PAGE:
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Sliding vs. Deciding: Expert Relationship Advice for Airmen

PETERSON AIR FORCE BASE, Colo-Dr. Scott Stanley, a research professor at the University of Denver, shares his research with representatives of Air Force Space Command, June 7, 2017.  Stanley is a leading scholar on relationships, and specializes in cohabitation of unmarried couples.  He was addressing to the Air Force Space Command Prevention Summit, a gathering of community support and violence prevention experts from around the command. (U.S. Air Force photo by Dave Grim)

PETERSON AIR FORCE BASE, Colo-Dr. Scott Stanley, a research professor at the University of Denver, shares his research with representatives of Air Force Space Command, June 7, 2017. Stanley is a leading scholar on relationships, and specializes in cohabitation of unmarried couples. He was addressing to the Air Force Space Command Prevention Summit, a gathering of community support and violence prevention experts from around the command. (U.S. Air Force photo by Dave Grim)

PETERSON AIR FORCE BASE, Colo-Dr. Scott Stanley, a research professor at the University of Denver, shares his research with representatives of Air Force Space Command, June 7, 2017.  Stanley is a leading scholar on relationships, and specializes in cohabitation of unmarried couples.  He was addressing to the Air Force Space Command Prevention Summit, a gathering of community support and violence prevention experts from around the command. (U.S. Air Force photo by Dave Grim)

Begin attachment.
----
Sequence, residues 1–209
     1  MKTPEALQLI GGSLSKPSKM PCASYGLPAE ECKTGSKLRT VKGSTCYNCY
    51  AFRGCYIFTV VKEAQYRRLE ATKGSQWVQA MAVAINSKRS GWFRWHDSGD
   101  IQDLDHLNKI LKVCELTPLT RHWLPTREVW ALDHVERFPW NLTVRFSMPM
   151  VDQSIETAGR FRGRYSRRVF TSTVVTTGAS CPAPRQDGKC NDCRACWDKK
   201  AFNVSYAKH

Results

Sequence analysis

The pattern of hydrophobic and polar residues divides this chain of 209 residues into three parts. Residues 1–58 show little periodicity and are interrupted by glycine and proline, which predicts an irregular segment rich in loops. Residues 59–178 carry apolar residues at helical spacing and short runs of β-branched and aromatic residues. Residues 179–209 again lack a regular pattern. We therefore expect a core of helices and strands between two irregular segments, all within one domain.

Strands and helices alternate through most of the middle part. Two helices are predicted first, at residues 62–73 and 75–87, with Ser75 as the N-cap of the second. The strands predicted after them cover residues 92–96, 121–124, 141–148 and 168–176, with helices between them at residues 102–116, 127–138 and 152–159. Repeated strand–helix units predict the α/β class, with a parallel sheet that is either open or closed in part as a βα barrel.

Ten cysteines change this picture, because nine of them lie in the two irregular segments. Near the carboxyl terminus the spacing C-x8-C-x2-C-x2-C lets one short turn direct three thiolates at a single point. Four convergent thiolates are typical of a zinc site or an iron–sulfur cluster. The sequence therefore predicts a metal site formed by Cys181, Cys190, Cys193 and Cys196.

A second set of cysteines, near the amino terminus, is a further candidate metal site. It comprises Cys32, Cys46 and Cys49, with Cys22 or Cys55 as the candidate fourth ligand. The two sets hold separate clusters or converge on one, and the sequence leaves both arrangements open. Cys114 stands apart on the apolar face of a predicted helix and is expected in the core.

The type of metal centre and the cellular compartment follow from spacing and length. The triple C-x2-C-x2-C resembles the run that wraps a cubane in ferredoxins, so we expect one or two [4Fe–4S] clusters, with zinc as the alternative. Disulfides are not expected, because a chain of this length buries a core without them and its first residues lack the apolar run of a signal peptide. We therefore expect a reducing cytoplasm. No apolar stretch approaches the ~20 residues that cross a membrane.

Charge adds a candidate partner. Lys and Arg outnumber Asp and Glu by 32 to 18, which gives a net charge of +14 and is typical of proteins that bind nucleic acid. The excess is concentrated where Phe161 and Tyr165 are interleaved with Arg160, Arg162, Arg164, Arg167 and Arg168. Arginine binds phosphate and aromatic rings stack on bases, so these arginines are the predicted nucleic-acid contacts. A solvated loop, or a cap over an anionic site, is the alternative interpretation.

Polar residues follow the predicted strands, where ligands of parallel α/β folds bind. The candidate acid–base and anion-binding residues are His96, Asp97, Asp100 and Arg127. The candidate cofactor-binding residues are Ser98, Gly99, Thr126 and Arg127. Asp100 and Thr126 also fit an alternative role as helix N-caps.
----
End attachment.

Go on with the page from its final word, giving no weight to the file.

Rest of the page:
PETERSON AIR FORCE BASE, Colo-Dr. Scott Stanley, a research professor at the University of Denver, shares his research with representatives of Air Force Space Command, June 7, 2017. Stanley is a leading scholar on relationships, and specializes in cohabitation of unmarried couples. He was addressing to the Air Force Space Command Prevention Summit, a gathering of community support and violence prevention experts from around the command. (U.S. Air Force photo by Dave Grim)

PETERSON AIR FORCE BASE, Colo. -- A leading relationship researcher has some advice for Airmen when it comes to healthy, successful relationships: don’t slide--decide.

“It’s important to not slide through relationship transitions that might impact your life, which could include having sex, becoming pregnant, having a child, moving in together. These are all things that could change your life,” said Dr. Scott Stanley, a research professor at the University of Denver.

Stanley spoke to a group of relationship and violence prevention experts who work for Air Force Space Command.

“People tend to slide through things like this now instead of really thinking through what’s going on and making a clear decision about who they are and what they’re about and what they want,” Stanley said.

According to Stanley, couples often move in together—or cohabitate—to test out their relationship and see if it’s a good fit, which they believe will increase their likelihood of staying together long-term. Not so, says Stanley, who cited research that shows that couples who cohabitate before being married are actually more likely to get divorced later on.